Memories of Future Past: Seneca the Elder and Cultural Memory

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This contribution presents a reading of Sen. suas. 6 in accordance with cultural memory theory. Each segment of this collection of responses, down to the theme itself, has been chosen to commemorate a piece of Roman history which Seneca believed lost at the time of writing, namely the moral and intellectual virtue of the Republic. By presenting arguments from declaimers which engage with Republican values ranging from nobility to honour, Seneca actively advocates for the revival of these values among his audience. What is more, the sixth Suasoria encapsulates cultural memory on multiple levels. Seneca himself acts as a mediator for memories on declamation by picking and choosing declaimers whom he deems worthy of preservation. However, the declaimers have themselves harnessed established cultural memories on Cicero in crafting their responses, and have also contributed to the font of “literary memory” by establishing the Ciceronian Epitaph, a literary sub‑genre characterised by its contrasts between mortality and immortality, its borrowings from Cicero’s own words, and its meditations on “memory” as a concept.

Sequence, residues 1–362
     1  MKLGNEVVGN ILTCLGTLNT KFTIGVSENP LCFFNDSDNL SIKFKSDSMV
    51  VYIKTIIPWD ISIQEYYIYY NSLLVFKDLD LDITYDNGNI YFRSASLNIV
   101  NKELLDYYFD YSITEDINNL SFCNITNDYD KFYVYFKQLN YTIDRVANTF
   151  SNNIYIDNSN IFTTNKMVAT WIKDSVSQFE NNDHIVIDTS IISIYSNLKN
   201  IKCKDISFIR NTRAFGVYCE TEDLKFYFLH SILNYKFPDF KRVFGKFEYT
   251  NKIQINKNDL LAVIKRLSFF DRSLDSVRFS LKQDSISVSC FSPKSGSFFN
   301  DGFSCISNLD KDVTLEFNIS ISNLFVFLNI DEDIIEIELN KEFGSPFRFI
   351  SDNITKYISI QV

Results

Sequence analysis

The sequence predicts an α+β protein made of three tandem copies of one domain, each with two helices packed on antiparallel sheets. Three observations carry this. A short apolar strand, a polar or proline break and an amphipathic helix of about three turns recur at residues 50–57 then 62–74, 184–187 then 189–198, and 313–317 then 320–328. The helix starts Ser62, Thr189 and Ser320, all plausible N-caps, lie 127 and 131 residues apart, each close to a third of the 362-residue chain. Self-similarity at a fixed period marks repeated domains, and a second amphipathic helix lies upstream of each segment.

Original languageEnglish
Article number4
JournalRevue Interférences Ars scribendi
Publication statusPublished - 10 Sept 2023


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